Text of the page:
NP Cilento e Vallo di Diano
The Geopark is located in the province of Salerno, Campania and occupies the whole of the territory of the National Park of the Cilento and Vallo di Diano.
The Park extends from the Tyrrhenian coast to the margin of the Lucania mountains. The Geopark constitutes one third of the Campania coast and is characterized by gentle northern and more irregular southern landscapes (figure 1). This strong morphological contrast is attributable to the distinct bipartite nature of the geology and to the area’s long evolutionary history.
Carbonate massifs within the Geopark are characterized by karst features including caves, vast plateaus with dolines and polje separated by slopes sculpted by intense neo tectonic activity and dissected by deep gorges and canyons. The upper arenaceous conglomerate component of the "Flysch of the Cilento" (Auctorum) exposed at the surface on Mount Stella, Mount Gelbison and Mount Centaurino and the underlying clayey marly component are associated with the hilly reliefs of Velia, the Mingardo and Bussento This landscape was sculpted primarily through stream erosion and by slope processes. In this Geopark various categories of geosites were distinguished based on their stratigraphical, geomorphological, paleoenvironmental, structural, hydrogeological and paleontological significance. Geosites also include sites with particular panoramic (scenic sites) or economic (ancient mines) value.
The size and geodiversity of the territory of the Geopark are matched by the variety of important ecosystems. A large part of the Geopark’s territory coincides with the Reserves of the Biosphere the National Park of the Cilento and Vallo di Diano which has been included in the UNESCO list of World Heritage Sites since 1998. The majority of geosites occur within the UNESCO site.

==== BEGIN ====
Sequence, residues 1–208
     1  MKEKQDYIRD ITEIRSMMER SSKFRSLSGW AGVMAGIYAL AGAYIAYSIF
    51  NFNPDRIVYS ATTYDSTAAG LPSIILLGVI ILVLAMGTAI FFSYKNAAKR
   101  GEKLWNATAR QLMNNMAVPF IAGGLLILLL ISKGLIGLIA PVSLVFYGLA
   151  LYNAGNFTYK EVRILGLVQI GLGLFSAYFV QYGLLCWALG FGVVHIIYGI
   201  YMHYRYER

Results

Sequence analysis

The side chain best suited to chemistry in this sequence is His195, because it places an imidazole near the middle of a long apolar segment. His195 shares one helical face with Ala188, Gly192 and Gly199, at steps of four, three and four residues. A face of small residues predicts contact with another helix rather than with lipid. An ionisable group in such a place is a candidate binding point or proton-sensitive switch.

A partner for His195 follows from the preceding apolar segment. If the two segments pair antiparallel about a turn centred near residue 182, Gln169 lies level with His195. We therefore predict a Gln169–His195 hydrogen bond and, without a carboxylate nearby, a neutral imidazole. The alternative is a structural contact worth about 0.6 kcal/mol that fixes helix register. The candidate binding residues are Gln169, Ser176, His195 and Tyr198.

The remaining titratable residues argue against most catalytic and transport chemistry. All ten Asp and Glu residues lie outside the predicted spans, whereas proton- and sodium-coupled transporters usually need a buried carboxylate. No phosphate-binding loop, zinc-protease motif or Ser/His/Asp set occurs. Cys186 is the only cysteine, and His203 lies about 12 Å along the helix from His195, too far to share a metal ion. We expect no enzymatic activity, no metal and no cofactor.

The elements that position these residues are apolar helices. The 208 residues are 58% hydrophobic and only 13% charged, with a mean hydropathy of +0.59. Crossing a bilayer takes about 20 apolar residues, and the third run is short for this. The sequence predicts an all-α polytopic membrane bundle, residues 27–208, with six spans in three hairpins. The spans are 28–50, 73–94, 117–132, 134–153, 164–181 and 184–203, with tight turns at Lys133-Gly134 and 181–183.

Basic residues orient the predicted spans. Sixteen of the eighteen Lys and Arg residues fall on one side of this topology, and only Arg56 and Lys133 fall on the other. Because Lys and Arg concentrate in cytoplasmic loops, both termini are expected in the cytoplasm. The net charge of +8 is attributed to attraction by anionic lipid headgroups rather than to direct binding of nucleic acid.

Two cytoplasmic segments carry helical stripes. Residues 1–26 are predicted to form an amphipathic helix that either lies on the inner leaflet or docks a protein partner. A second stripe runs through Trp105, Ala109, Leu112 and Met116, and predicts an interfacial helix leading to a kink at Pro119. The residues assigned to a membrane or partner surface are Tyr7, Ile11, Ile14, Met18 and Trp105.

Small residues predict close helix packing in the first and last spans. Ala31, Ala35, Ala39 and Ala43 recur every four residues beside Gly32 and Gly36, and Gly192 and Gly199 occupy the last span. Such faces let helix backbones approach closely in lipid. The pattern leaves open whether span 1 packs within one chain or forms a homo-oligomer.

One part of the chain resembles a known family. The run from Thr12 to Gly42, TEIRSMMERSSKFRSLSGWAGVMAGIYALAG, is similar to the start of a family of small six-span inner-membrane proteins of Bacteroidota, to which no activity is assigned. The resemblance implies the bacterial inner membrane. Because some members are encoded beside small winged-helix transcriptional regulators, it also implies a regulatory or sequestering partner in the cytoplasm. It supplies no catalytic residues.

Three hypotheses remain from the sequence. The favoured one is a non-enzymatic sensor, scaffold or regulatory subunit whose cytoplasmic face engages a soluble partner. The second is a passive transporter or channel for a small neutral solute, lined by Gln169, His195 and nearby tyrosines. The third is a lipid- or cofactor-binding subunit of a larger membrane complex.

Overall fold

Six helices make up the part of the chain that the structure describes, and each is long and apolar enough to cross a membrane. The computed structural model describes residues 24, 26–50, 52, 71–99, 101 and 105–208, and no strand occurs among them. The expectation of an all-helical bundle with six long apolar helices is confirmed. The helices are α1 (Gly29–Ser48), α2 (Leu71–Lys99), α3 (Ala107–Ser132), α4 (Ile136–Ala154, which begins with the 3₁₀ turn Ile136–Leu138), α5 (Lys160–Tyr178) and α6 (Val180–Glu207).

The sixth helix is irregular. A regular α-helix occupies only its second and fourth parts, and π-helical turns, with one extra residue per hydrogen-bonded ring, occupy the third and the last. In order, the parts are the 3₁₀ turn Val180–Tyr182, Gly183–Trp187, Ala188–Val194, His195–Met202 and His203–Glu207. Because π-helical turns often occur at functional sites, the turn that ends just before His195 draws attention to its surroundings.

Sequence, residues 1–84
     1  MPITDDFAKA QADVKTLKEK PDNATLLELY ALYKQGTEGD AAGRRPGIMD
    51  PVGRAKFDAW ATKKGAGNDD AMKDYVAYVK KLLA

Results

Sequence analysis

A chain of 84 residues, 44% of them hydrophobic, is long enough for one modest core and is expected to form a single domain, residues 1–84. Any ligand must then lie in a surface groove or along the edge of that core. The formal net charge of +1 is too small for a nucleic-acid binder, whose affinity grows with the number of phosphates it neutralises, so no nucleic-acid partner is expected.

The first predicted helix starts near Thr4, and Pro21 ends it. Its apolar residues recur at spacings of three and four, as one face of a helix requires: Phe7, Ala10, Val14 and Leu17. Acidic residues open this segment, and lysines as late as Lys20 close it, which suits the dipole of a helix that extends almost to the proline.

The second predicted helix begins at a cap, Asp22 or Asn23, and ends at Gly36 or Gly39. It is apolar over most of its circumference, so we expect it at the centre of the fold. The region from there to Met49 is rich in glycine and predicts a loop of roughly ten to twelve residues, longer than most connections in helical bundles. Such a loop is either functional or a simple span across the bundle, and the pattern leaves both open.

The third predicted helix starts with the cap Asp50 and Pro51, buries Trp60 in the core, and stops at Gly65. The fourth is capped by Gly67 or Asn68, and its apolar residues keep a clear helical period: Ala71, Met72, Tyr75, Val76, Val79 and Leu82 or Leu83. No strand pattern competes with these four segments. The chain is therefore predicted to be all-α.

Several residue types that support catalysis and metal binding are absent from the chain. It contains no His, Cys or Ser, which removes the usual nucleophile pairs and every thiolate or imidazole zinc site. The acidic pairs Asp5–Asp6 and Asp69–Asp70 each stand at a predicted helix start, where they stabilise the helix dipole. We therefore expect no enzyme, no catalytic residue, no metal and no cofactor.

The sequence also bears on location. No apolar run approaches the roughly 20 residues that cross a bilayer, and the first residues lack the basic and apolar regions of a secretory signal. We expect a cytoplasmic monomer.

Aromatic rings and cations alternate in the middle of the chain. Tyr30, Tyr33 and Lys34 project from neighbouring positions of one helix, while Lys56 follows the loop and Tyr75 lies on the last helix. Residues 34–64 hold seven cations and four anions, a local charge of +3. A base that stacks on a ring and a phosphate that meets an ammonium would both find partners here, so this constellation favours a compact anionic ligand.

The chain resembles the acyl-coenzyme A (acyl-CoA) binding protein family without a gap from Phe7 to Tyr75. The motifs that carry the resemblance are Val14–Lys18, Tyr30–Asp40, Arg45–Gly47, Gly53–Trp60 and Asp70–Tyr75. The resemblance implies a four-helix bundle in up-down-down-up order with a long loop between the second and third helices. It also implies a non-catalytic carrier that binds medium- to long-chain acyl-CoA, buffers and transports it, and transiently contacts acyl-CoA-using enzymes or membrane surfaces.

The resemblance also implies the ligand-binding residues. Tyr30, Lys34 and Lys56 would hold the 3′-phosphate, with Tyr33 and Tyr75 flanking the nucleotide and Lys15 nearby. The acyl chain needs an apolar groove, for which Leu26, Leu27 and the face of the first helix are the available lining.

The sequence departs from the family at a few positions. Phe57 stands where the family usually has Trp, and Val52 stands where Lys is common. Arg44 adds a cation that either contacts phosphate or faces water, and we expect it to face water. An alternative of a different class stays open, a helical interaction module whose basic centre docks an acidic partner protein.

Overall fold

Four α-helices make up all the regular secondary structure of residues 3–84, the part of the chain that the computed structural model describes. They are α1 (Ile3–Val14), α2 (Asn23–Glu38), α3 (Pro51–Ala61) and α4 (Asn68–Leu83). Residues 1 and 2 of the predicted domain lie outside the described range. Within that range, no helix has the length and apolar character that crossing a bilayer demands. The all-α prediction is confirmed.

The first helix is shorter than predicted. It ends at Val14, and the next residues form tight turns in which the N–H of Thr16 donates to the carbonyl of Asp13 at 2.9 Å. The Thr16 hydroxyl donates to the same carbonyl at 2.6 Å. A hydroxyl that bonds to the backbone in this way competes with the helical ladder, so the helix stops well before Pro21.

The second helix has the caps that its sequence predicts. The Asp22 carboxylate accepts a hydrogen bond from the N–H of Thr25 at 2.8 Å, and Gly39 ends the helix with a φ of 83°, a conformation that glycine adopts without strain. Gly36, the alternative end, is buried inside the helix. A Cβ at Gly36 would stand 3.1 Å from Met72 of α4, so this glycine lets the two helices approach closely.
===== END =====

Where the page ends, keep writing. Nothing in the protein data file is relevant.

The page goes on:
Sites of historical and cultural significance include the city of Paestum, an approximately 120 hectare site which was founded around 650 BC by Greek settlers
from the Calabrian city of Sybaris. The city of Elia (Velia) was founded by Greeks around 540 BC and became the home of the Eleatic School of philosophers. The city was abandoned in medieval times. Padula Charterhouse, a Carthusian monastery, at the foot of Mount Maddalena was founded in 1306. It is the second largest Charterhouse in Italy and is a UNESCO World Heritage Site. Historically significant villages include the abandoned suburbs of Roscigno Vecchio and S. Severino (figure 6). Sites of religious significance such as the Sanctuary of the Madonna of Novi on Mount Gelbison are set in spectacular landscapes.
The Geopark has a network of trails of approximately 1500 km with signage in accordance with the strictures of the Italian Alpine Club. These trails are partly equipped with educational panels, a system of signs and rest areas. The Geopark also contains a network of approximately 41 museums devoted to archaeology, geology and paleontology and the history and development of civilization. The presence of the sea is not ignored and its marine life is displayed in an aquarium.
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